With the new non-afterburning D-30 engines installed in combination with the new composite materials used in the airframe, the H-6K bomber’s range is increased by some thirty percent over previous H-6 variants. The modernized bomber now has a combat radius of roughly 2,200 miles. Avionics-wise, the H-6K dispenses with steam gauges and incorporates a full glass cockpit. The bomber also incorporates a new long-range surface search radar and an electro-optical targeting pod to find its targets.

Unlike previous iterations of the Badger, the H-6K was designed primarily as a cruise missile carrier. The jet can carry six CJ-10K or YJ-12 long-range land attack and anti-ship cruise missiles on its wing and potentially several more inside its weapons bays. It is also thought to carry a host of precision-guided weapons. That makes it a threat to not only U.S. and allied shipping, but also land bases.

The CJ-10K land-attack cruise missile has a range of over 930 nautical miles and carries a 1,100-pound warhead. The weapon—which draws heavily from the Soviet-designed Raduga Kh-55 cruise missile that China acquired from Ukraine—has many of the advanced features found on the American Tomahawk and the Russian Kalibr. Indeed, the CJ-10K guidance package is thought to include combination of inertial navigation system, satellite navigation, terrain contour matching and digital scene-mapping area correlation. There is also an YJ-100 anti-ship variant of the missile that has a range of about 430 nautical miles.

For short-range anti-ship attacks, the H-6K carries the potent YJ-12 supersonic anti-ship missile.

“The YJ-12 poses a number of a number of security concerns for U.S. naval forces in the Pacific and is considered the ‘most dangerous anti-ship missile China has produced thus far,’” according the Missile Defense Advocacy group.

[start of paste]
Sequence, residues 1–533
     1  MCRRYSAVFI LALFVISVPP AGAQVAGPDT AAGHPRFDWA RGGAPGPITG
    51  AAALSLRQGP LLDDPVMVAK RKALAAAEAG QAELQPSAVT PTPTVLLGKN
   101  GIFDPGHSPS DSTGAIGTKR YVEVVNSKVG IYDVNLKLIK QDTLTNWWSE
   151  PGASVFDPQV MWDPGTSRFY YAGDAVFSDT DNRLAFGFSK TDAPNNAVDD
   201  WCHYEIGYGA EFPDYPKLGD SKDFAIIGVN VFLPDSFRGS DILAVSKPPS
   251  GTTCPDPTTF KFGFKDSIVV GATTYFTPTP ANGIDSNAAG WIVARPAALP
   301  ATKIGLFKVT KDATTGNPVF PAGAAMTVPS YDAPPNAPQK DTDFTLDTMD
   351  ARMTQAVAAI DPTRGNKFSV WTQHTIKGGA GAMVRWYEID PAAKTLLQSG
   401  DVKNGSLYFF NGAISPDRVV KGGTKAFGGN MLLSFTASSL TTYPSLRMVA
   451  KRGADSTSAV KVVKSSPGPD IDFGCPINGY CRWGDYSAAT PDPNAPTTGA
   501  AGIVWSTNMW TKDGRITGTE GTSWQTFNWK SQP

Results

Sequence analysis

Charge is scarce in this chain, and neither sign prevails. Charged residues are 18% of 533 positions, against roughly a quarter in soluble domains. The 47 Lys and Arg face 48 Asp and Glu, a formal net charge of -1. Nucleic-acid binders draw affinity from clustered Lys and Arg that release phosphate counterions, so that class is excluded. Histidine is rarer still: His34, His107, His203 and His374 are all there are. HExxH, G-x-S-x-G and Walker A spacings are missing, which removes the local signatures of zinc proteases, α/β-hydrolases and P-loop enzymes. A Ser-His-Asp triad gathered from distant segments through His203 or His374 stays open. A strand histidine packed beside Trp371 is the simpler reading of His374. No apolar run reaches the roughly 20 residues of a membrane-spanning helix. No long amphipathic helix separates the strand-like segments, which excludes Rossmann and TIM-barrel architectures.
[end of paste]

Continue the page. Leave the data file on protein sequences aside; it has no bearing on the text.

“The danger posed by the YJ-12 comes from its range of 400 km, making it the longest-ranged ACBM ever engineered, and its ability to travel at high rates of speed (up to Mach 3). This makes it difficult for Aegis Combat Systems and SM-2 surface-to-air missiles that protect U.S. carrier strike groups to identify and engage the missile since it can be launched beyond their engagement ranges, which greatly reduces the U.S. Navy’s time to react,” the group notes.  

“Protection against the YJ-12 is even more difficult due to its cork-screw-like turns, which allow it to evade final defenses. With the combination of Chinese Flankers, YJ-12’s can potentially reach up to 1,900km, which could cause an even larger problem for the U.S. than China’s DF-21D ASBM. Deployment of the YJ-12 and the development of related ASCMs also demonstrates China’s desire to field anti-access and area denial capabilities in case of future conflict.”

Ultimately, the H-6K is just a launch platform; it does not have to be a spectacular performer like the Russian Tupolev Tu-22M3 Backfire or Tu-160M2 Blackjack to be dangerous. Indeed, it is the H-6K’s extremely potent long-range missile armament is the real threat rather than the aircraft itself. The Soviet Union developed the tactics to use those missiles during the Cold War and PLAAF can pick up many valuable insights training with the modern Russian Air Force, which while smaller, retains much of the institutional knowledge of its Cold War-era predecessor.

The H-6K is just one component of a family of Chinese anti-access systems including anti-ship ballistic missiles that China is developing to keep U.S. forces at bay. The bomber will be used with other Chinese A2/AD forces, and it that role, it pose a serious danger to American interests in the Pacific.

Dave Majumdar is the defense editor for the National Interest. You can follow him on Twitter: @davemajumdar.